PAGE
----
Modal logic

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Modal logic is a collection of formal systems originally developed and still widely used to represent statements about necessity and possibility. For instance, the modal formula ◻P → ◊P can be read as "if P is necessary, then it is also possible". This formula is widely regarded as valid when necessity and possibility are understood with respect to knowledge, as in epistemic modal logic. The first modal axiomatic systems were developed by C. I. Lewis in 1912, building on an informal tradition stretching back to Aristotle. The relational semantics for modal logic was developed by Arthur Prior, Jaakko Hintikka, and Saul Kripke in the mid twentieth century. In this semantics, formulas are assigned truth values relative to a possible world.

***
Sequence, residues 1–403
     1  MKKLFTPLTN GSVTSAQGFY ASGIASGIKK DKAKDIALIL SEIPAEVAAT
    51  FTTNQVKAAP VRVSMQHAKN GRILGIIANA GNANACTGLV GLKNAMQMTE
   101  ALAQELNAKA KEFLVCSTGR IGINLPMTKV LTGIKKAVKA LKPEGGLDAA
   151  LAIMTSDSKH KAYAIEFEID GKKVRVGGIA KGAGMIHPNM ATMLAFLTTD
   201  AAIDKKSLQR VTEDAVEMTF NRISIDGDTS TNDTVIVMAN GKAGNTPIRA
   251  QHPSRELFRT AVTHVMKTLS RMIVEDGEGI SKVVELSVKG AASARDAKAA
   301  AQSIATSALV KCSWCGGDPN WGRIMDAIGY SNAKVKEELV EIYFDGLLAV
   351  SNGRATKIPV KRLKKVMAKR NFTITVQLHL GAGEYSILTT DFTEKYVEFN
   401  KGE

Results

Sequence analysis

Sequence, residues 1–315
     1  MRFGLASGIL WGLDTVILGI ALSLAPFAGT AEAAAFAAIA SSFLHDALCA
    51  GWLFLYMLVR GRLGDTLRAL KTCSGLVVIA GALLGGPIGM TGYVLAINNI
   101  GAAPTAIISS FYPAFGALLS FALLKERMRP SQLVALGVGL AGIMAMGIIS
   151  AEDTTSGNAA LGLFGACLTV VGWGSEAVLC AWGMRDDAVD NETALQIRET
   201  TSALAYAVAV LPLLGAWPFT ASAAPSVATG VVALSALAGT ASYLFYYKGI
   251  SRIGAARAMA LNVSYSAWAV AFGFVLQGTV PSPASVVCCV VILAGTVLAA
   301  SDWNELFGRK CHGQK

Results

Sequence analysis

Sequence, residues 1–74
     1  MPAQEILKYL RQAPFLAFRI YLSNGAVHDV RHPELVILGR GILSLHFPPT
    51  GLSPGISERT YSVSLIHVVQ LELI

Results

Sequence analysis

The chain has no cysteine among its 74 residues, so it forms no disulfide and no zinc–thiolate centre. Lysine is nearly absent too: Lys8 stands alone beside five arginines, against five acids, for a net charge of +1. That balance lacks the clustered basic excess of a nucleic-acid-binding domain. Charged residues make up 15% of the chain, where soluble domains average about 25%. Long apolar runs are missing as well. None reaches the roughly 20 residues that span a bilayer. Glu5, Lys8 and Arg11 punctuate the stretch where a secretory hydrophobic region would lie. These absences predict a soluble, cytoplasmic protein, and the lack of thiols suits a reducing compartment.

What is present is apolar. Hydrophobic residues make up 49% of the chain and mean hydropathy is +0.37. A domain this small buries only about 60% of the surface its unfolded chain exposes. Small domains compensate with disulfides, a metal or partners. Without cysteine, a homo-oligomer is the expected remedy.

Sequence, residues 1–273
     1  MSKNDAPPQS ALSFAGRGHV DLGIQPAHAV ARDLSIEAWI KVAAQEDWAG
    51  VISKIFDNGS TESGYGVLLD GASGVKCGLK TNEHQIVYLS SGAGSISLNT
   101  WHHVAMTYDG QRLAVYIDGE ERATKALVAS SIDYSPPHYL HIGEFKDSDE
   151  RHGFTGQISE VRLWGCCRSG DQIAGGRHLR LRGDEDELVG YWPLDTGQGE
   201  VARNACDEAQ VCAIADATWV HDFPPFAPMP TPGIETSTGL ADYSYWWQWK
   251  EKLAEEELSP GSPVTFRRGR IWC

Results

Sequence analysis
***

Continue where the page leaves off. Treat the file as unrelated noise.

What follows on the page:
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treated in Modal Logic (Stanford Encyclopedia of Philosophy)

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A modal is an expression (like ‘necessarily’ or ‘possibly’) that is used to qualify the truth of a ju...

treated in Intelligent Agents I

The objective of this course is to introduce students to knowledge representation and reasoning metho...